Authentication 101 - Best Practices

Posted by: Stephen Wilson on June 15,2020

Authentication 101I get asked for this all the time. Customers ask for the “Best Practices” for really complex subjects, sharing settings, site structure, things where, as a consultant, my answer almost always has to be ...“It depends.”   Complex subjects are very hard to apply best practices to, and the way that you know you are about to wander into that territory is when you find yourself asking  someone “What do most organizations do?”

You don’t work for most organizations, you work for yours. The question is really “What do most organizations like us do?” Unfortunately you won’t always be able to find someone who has experience with the policies and procedures of one of the top five makers of manufactured homes in the Pacific Northwest, or whatever label describes your organization and its needs. You have to look at what you need and build from there.

So what are best practices good for? Basics items that are the backbone of your processes. There are a lot of policies and procedures that people have created over time based on little more than rumor and intuition, but as time has passed some of those things have been examined and the best ways of implementing them have researched in detail.  I hope to write a series exploring exactly those kinds of things.

PasswordsPasswords

We have all seen the password requirements on dozens of websites.  (Let me take a moment here to say my article is targeting primarily English speaking users. Websites that focus on other languages usually use rules that are similar in their substance, with different characters)

Passwords should contain:

  • a minimum of 1 lower case letter [a-z] and
  • a minimum of 1 upper case letter [A-Z] and
  • a minimum of 1 numeric character [0-9] and
  • a minimum of 1 special character: ~`!@#$%^&*()-_+={}[]|\;:"<>,./?
  • A minimum of 8 characters

Passwords should NOT contain:

The user’s name or login, the {organization}’s name, the word password, the user’s birthday or that of their spouse or children, or common number strings like 123 or 321.

Password resets will happen every 30 days.

[SPOILER: Most of the above requirements are not very helpful]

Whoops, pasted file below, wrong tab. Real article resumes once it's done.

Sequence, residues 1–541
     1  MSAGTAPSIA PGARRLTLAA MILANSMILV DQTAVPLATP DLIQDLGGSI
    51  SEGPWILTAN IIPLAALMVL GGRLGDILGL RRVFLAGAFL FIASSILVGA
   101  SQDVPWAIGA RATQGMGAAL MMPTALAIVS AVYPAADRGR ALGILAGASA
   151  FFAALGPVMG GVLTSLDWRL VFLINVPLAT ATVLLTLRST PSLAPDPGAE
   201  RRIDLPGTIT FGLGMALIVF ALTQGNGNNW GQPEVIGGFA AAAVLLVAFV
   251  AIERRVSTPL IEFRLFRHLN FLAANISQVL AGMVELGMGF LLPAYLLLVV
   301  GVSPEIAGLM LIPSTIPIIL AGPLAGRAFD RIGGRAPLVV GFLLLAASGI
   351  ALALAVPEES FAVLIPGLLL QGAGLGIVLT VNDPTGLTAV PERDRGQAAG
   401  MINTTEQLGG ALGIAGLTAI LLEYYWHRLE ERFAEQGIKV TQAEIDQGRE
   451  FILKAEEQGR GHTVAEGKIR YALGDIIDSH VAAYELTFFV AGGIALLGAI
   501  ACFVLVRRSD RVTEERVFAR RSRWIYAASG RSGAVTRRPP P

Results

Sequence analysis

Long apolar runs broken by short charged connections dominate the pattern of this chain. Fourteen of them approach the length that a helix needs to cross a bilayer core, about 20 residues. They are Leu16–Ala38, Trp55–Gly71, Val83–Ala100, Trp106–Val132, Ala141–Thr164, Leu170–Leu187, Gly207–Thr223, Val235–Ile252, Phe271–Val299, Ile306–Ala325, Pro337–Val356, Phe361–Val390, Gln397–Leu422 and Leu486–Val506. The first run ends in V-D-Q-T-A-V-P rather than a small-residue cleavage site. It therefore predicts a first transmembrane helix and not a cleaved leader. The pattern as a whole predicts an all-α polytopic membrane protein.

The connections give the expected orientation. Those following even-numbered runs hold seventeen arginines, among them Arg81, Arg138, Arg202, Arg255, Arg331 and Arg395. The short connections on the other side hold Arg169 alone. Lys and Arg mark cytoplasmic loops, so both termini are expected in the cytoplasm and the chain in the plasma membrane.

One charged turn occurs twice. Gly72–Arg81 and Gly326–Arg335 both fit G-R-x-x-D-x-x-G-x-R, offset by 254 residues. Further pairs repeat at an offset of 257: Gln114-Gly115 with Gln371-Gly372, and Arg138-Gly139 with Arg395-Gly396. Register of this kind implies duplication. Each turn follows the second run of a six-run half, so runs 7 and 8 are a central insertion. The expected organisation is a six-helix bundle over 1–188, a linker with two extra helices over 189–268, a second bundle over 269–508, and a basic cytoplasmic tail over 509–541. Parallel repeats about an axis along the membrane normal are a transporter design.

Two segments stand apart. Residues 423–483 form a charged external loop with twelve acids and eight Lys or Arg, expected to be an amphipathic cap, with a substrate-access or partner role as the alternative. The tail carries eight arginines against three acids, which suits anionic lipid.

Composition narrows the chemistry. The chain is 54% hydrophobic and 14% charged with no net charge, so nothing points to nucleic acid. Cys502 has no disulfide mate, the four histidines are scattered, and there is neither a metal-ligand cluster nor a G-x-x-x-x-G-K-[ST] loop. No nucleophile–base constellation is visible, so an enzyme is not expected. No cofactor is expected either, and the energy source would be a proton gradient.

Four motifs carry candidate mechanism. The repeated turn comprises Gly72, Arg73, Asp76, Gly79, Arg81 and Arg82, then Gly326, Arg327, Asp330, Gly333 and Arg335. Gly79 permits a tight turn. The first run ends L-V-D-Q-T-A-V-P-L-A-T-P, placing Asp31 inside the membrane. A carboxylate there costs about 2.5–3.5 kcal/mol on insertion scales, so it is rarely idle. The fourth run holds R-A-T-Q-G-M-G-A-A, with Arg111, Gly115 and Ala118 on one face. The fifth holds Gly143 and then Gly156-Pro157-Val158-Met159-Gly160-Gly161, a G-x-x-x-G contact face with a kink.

To which we reply…

P@$$word1

or

$tephenlz3

Then in 30 days

S+ephenI2E

etc.

People react to restrictions in somewhat predictable ways. Microsoft has a helpful and well researched white-paper here.  If you don’t want to  read the whole thing here is the summary of the recommendations.

Advice to IT Administrators

  1. Maintain an 8-character minimum length requirement (and longer is not necessarily better).

  2. Eliminate character-composition requirements.

  3. Eliminate mandatory periodic password resets for user accounts.

  4. Ban common passwords, to keep the most vulnerable passwords out of your system.

  5. Educate your users not to re-use their password for non-work-related purposes.

  6. Enforce registration for multi-factor authentication.

  7. Enable risk based multi-factor authentication challenges.

adviceAdvice to Users

Create a unique password for your Microsoft account

The security of your Microsoft account is important for several reasons. Personal, sensitive information may be associated with your account such as your emails, contacts, and photos. In addition, other services may rely on your email address to verify your identity. If someone gains access to your email, they may be able to take over your other accounts too (like banking and online shopping) by resetting your passwords by email.

Tips for creating a strong and unique password:

  • Don’t use a password that is the same or similar to one you use on any other website. A cybercriminal who can break into that website can steal your password from it and use it to steal your Microsoft account.
  • Don’t use a single word (e.g. “princess”) or a commonly-used phrase (e.g. “Iloveyou”). 
  • Do make your password hard to guess even by those who know a lot about you (such as the names and birthdays of your friends and family, your favorite bands, and phrases you like to use).

If  you have been in IT for a while you may be smiling to yourself and thinking “correct horse battery staple” as made famous by the funny and excellent cartoons of xkcd.com

authentication cartoon

There is some truth here, but in the end research shows that even passwords like those above are difficult for the average user to remember.